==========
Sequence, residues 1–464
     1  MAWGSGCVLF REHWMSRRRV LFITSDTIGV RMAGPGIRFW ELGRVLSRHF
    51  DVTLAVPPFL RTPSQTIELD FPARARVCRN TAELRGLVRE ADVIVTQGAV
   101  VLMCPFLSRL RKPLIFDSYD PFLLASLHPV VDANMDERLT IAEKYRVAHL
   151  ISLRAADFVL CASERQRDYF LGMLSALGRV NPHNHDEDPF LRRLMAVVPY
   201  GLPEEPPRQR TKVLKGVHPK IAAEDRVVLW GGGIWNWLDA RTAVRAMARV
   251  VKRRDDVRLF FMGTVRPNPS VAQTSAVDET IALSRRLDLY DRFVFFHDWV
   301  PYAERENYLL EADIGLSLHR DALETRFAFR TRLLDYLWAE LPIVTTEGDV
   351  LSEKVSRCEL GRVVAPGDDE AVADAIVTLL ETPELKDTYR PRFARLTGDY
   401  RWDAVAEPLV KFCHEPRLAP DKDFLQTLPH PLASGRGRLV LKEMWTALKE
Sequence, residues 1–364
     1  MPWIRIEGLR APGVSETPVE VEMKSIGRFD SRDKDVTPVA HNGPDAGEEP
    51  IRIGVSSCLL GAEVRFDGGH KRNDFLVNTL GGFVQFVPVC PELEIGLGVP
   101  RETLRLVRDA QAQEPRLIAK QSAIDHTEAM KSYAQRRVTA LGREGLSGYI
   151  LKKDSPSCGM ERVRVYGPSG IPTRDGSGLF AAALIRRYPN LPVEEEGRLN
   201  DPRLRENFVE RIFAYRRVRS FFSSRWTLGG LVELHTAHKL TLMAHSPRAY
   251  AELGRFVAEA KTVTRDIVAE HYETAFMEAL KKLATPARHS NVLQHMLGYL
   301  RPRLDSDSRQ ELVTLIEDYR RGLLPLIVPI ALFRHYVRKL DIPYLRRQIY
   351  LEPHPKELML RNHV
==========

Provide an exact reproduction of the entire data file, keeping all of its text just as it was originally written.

Sequence, residues 1–464
     1  MAWGSGCVLF REHWMSRRRV LFITSDTIGV RMAGPGIRFW ELGRVLSRHF
    51  DVTLAVPPFL RTPSQTIELD FPARARVCRN TAELRGLVRE ADVIVTQGAV
   101  VLMCPFLSRL RKPLIFDSYD PFLLASLHPV VDANMDERLT IAEKYRVAHL
   151  ISLRAADFVL CASERQRDYF LGMLSALGRV NPHNHDEDPF LRRLMAVVPY
   201  GLPEEPPRQR TKVLKGVHPK IAAEDRVVLW GGGIWNWLDA RTAVRAMARV
   251  VKRRDDVRLF FMGTVRPNPS VAQTSAVDET IALSRRLDLY DRFVFFHDWV
   301  PYAERENYLL EADIGLSLHR DALETRFAFR TRLLDYLWAE LPIVTTEGDV
   351  LSEKVSRCEL GRVVAPGDDE AVADAIVTLL ETPELKDTYR PRFARLTGDY
   401  RWDAVAEPLV KFCHEPRLAP DKDFLQTLPH PLASGRGRLV LKEMWTALKE
Sequence, residues 1–364
     1  MPWIRIEGLR APGVSETPVE VEMKSIGRFD SRDKDVTPVA HNGPDAGEEP
    51  IRIGVSSCLL GAEVRFDGGH KRNDFLVNTL GGFVQFVPVC PELEIGLGVP
   101  RETLRLVRDA QAQEPRLIAK QSAIDHTEAM KSYAQRRVTA LGREGLSGYI
   151  LKKDSPSCGM ERVRVYGPSG IPTRDGSGLF AAALIRRYPN LPVEEEGRLN
   201  DPRLRENFVE RIFAYRRVRS FFSSRWTLGG LVELHTAHKL TLMAHSPRAY
   251  AELGRFVAEA KTVTRDIVAE HYETAFMEAL KKLATPARHS NVLQHMLGYL
   301  RPRLDSDSRQ ELVTLIEDYR RGLLPLIVPI ALFRHYVRKL DIPYLRRQIY
   351  LEPHPKELML RNHV